He was tired.

He wanted to rest.

He hadn’t been happy with his parents for a while, and while I wasn’t entirely sure what the go was (he’d just say he was ‘unhappy’), he was hesitant about going. I was smart enough, from all the obvious comments they’d made, and all the passive-aggressive comments I was expected to ignore, that the reason Scott didn’t want to discuss it was because he knew, as I did, that what was coming was inevitable.

I knew from his parents’ responses, the way they were speaking to me (if at all), the way they spoke about me, and from the sudden icy shift in their behaviour, that things were deeply wrong.

In the hopes that a Christmas with his family would repair whatever harm they had obviously believed I inflicted on them, I insisted to Scott that we go.

I told him I couldn’t take another bunch of people in his life telling me I was the problem when all I’d ever done was take blow after blow – often administered by our friends – to cover for him. I begged him – the last thing I needed was his parents to start blaming me, too.

I knew it was a fruitless endeavour. His mum had removed me from social media (to be fair, she’d also removed her own son, she was that angry), and only spoke to me unless absolutely necessary. His dad had been far more aggressive, and far more clear, with his feelings.

For example, when I managed to read fifty books last year (a challenge that had been proposed to me more times than I can count), I sent a message out to a few people, his parents included, who had, more than once, asked how many books I could read in a year.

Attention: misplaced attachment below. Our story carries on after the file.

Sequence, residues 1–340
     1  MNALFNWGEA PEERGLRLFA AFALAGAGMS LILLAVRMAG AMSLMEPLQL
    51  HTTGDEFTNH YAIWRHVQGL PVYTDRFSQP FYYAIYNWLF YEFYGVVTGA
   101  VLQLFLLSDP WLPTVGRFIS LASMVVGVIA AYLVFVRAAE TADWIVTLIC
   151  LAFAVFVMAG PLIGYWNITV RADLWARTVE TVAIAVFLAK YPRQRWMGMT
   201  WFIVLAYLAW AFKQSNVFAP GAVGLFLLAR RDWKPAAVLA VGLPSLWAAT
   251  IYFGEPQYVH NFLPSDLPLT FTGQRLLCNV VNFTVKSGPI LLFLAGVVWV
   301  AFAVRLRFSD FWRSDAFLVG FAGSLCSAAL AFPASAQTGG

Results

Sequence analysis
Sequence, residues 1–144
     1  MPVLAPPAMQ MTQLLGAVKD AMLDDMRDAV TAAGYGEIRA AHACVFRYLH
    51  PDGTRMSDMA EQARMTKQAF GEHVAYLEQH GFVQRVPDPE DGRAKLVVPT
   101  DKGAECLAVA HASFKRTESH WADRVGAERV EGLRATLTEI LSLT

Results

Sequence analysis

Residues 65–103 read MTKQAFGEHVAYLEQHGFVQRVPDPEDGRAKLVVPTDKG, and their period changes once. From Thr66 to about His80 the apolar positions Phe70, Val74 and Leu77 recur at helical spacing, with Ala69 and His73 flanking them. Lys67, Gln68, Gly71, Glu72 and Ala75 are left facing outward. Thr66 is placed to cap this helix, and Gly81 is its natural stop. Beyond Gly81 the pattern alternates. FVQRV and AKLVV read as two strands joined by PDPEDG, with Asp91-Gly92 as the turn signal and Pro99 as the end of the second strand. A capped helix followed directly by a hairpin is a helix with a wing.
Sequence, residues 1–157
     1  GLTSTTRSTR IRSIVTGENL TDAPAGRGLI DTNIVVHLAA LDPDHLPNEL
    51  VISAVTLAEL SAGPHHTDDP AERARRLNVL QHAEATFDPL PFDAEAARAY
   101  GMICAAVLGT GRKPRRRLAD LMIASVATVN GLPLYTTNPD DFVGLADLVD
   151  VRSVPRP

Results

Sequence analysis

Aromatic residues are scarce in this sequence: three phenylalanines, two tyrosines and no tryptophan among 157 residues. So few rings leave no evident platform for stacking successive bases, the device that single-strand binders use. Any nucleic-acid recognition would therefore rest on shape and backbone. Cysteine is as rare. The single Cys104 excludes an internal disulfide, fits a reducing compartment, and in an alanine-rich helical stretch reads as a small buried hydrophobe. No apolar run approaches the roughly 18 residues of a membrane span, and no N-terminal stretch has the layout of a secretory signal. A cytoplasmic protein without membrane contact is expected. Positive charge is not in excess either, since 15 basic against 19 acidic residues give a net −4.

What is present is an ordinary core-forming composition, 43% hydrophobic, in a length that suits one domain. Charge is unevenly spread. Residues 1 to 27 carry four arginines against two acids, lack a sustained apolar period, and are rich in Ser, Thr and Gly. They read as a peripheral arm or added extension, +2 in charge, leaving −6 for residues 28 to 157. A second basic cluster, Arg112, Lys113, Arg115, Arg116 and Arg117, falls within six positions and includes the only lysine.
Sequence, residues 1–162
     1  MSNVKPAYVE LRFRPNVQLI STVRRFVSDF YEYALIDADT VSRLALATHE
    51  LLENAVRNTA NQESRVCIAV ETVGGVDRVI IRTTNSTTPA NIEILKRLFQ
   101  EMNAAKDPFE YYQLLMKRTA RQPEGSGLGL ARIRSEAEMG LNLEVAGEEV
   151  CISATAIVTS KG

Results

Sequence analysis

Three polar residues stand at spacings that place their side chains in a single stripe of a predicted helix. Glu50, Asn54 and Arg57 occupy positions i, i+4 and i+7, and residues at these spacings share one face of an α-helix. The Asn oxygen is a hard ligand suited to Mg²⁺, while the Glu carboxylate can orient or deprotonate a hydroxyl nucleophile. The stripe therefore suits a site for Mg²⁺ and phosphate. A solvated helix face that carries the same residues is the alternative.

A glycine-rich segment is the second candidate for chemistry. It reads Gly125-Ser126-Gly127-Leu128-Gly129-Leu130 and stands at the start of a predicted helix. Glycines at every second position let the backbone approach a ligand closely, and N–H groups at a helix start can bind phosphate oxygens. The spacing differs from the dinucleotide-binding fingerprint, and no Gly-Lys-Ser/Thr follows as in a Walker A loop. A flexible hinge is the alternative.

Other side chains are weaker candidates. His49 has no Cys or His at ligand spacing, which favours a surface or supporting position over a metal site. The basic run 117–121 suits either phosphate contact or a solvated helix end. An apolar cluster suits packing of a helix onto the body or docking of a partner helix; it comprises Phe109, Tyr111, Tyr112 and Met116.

His dad replied, ‘That’s nice, but Scott works fifty hours a week.’

While the message felt like a slap in the face, especially because his parents would regularly ask how many books I read in a year, Scott took a great deal of offence to it. (I would later learn that his parents were far more assertive of their feelings about me to everyone, including Scott and my parents, bar me. I suspected that they were unhappy and maybe even disliked me, but I wasn’t going to make it a mountain out of a molehill. However, had I been more privy to other information, I might have reacted far more like Scott.) He called his dad, upset, wanting to know what the hell was up.

His dad decided the best course of action was to gaslight me and the situation. I won’t lie – Scott’s dad’s harsh and unnecessary comment hurt me – but the person it affected the most was Scott. By this point, he felt like I wasn’t being respected by his parents, and that neither was he.

In an attempt to make me the problem, Scott’s dad told Scott that ‘He meant the message as a joke. He didn’t realise my depression was so bad I couldn’t take a joke’.